Speech by Prime Minister Lee Hsien Loong at Teck Ghee IRCC Racial Harmony Day Celebration (English)
Good afternoon everybody!
Mr Pragash Kulasagar
Chairman, Teck Ghee IRCC
Ladies and gentlemen,
Friends and residents
Happy to celebrate Racial Harmony Day with all of you today!
I’m glad that we are all enjoying ourselves. The children are dancing, having fun singing and laughing. But I think we should not forget why we are celebrating Racial Harmony Day. And it is because almost 50 years ago in 1964, we had two race riots happen here and more than 30 people were killed and 500 injured. You can’t imagine it today, but it happened. And it shows how much Singapore has changed since that happened.
Now we are a harmonious multi-racial and multi-religious society. But how did we go from riots and people getting killed and injured to where we are, happily mingling and enjoying ourselves, being friends with one another? Not by chance, but because of the way we developed our politics, so that we chose integration and harmony. Because we gave equal opportunities to all Singaporeans, and because we set up institutions like the Presidential Council for Minority Rights, in order to protect the minority communities here. And in our housing board estates, we make sure in our schools, our homes, our HDB blocks, everybody mingles with one another, and we get comfortable with one another.
This is how we have got here, and I think this is how we have to keep on strengthening our racial harmony all the time every year, year after year. So that in normal times, we get along well together. But when there’s a crisis, for example if there is a terrorist attack, then even though we are under pressure, we stay together and we don’t pull apart. And this is so, not just physically together, but also psychologically to be comfortable with one another and to know how to give and take with one another. And we can see many examples of this, big and small, in our lives. I give you one example which happened:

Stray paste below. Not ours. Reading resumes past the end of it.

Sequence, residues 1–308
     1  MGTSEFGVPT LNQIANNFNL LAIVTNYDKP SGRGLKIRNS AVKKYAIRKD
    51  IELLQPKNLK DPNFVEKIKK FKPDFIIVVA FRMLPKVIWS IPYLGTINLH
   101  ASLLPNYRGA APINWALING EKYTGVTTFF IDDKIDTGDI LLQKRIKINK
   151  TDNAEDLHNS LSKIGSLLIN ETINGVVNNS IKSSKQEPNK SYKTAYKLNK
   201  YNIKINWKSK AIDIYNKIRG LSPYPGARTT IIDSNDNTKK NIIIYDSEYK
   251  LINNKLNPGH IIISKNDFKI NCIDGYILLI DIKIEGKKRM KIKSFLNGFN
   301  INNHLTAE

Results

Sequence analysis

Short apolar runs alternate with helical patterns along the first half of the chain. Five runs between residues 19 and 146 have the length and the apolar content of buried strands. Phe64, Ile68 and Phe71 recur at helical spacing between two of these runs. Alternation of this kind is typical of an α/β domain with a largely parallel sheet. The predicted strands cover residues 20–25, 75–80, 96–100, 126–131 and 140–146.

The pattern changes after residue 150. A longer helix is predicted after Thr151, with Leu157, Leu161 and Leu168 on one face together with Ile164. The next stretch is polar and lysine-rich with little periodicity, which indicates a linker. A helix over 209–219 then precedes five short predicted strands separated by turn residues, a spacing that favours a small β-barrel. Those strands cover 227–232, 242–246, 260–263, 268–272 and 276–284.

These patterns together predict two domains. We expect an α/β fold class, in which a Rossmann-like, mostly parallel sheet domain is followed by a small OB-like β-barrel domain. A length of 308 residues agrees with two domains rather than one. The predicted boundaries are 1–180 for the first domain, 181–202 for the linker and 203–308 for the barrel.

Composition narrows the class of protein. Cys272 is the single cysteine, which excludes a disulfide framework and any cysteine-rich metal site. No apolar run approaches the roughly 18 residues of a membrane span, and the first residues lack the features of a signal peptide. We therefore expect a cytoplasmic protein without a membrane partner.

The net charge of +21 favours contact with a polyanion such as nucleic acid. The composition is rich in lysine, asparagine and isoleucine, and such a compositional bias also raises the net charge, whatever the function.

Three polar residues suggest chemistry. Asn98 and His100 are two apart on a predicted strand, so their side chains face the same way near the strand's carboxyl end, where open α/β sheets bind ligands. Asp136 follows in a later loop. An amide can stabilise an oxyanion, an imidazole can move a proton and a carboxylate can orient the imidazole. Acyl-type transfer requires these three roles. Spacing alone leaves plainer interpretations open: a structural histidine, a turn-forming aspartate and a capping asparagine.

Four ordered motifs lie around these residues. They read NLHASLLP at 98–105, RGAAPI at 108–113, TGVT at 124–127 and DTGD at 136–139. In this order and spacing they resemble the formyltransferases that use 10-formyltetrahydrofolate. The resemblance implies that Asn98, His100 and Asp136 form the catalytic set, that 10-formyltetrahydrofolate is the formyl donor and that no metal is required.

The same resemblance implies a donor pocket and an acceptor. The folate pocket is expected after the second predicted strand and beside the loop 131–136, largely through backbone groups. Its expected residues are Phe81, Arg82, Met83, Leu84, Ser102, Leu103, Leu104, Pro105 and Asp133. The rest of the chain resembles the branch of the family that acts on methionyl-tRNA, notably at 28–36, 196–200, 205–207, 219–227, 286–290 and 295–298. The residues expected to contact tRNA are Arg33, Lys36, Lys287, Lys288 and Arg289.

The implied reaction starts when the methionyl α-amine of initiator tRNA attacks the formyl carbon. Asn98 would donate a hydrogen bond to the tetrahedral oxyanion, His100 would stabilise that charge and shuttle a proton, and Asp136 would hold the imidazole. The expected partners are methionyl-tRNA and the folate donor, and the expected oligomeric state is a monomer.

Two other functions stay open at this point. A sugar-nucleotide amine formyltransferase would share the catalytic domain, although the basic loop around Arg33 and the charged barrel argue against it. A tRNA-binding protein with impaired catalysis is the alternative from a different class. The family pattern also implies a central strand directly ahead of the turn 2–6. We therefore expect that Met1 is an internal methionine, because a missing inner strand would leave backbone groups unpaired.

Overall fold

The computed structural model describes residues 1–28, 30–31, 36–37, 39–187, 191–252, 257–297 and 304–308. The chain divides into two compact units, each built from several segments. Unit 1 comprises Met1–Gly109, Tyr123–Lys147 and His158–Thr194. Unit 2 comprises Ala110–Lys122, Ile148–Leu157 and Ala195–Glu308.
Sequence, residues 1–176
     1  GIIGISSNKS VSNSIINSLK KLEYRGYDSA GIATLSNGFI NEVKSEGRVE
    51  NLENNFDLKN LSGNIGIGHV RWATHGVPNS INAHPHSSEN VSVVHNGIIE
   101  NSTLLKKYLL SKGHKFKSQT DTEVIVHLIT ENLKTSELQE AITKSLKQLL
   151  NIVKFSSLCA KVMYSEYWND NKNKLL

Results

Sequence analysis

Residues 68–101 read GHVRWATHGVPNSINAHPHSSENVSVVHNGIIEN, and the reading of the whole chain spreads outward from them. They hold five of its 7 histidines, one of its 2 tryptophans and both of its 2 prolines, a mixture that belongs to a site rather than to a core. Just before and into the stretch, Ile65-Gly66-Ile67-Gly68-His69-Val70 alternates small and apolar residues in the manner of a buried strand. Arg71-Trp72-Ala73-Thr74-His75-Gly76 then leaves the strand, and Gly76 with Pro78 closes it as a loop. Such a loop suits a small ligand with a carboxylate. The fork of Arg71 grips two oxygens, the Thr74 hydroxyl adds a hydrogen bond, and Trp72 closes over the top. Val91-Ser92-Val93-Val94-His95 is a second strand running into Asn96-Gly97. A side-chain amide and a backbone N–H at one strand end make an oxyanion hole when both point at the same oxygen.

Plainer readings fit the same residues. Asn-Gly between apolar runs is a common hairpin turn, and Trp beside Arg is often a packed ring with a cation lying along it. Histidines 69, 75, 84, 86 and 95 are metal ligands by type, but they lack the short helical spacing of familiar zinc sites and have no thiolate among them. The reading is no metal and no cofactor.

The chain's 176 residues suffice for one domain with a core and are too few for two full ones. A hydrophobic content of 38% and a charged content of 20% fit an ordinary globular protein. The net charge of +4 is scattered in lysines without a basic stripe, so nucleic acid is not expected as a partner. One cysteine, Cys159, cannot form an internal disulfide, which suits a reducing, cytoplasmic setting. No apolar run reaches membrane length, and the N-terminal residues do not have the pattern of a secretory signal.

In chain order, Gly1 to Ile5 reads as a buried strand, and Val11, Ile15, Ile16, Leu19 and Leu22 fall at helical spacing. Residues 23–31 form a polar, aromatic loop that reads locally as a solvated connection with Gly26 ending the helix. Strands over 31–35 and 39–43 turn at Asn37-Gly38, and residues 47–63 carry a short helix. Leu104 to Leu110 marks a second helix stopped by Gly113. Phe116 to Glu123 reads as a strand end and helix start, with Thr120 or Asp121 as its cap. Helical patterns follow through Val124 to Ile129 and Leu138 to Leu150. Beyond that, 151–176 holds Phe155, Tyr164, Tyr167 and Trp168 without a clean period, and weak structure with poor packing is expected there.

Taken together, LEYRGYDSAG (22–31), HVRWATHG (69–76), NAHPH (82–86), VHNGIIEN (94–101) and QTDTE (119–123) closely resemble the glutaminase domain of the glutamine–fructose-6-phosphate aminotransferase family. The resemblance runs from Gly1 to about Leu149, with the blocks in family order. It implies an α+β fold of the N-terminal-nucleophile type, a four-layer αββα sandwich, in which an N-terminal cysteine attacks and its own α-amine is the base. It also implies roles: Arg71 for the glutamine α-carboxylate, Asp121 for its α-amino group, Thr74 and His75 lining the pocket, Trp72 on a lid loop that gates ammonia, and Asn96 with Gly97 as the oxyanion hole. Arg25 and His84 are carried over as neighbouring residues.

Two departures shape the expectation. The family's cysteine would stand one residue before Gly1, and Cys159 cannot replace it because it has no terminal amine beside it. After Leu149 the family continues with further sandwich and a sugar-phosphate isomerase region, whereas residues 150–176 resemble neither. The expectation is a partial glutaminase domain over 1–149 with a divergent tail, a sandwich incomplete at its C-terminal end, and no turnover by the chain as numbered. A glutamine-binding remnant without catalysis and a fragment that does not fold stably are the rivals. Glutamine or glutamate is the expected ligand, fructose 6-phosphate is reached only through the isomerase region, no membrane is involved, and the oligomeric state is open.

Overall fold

On the void decks of our HDB flats, we all use our void decks for weddings, for funerals, for parties, for birthdays, and we all must get along and share this. There was one case where there were two families needing to use the void deck: A Malay family having a birthday celebration and a Chinese family having a funeral at the same time. So the Malay family was singing karaoke for their birthday, but the Chinese family had the funeral wake going on and from time to time they had to do worship, and prayer and ceremonies. So they made a compromise – the Chinese family said, “It’s ok, carry on, enjoy your birthday and your music, but every hour for 15 minutes, please lower your music, so that we can have our prayers, after our prayers, continue with your celebration”. And so they did! Both sides were happy, you give a little bit, I give a little bit, we get along well together. And that’s how we have built racial harmony in Singapore, and that’s how we’ve made the accommodation and the adjustments amongst our different races and religions.
Of course besides race and religion, we also must make sure we build harmony between different groups in Singapore. And pay attention to new fault lines, for example between old citizens and new citizens. We may be racially the same, we may be both Chinese, may be both Indians, may be both Malay stock, but I think we’ve got, between the old citizens and the new arrivals, different norms, different habits, different customs. And it can cause social frictions especially online where people are less restrained, and they speak, sometimes they offend others, and this can cause a problem.
So we have to work together to make sure that this doesn’t affect our social harmony, and on both sides, as I’ve said before, we must have that adjustment – the new arrivals to embrace the Singapore values and norms and try and fit in as Singaporeans; and the Singaporeans to encourage the new ones, and help the new ones to fit in. This is how it is to be a harmonious, multi-racial society. And that’s why every year, we organise activities, have Racial Harmony Day and remind ourselves how we must live together. Ethnic dress competition, songs and dances, drumming on different drums, and I think each one of these makes a little contribution. So I thank Pragash and the IRCC for all his good work, and let’s keep on working at this.
Today of course is the first day of Ramadan, and we wish our Muslim friends a happy fasting month. And I hope you will accept your Muslim friends’ invitations to visit them during the month of Ramadan, if they invite you to break fast with them. And take the opportunity to invite them back for dinner the next time when you can! So that bit-by-bit we strengthen our harmony, we strengthen our understanding with one another.
So, Happy Racial Harmony Day! I look forward to celebrating many more harmonious anniversaries with you in the years to come! Thank you very much!
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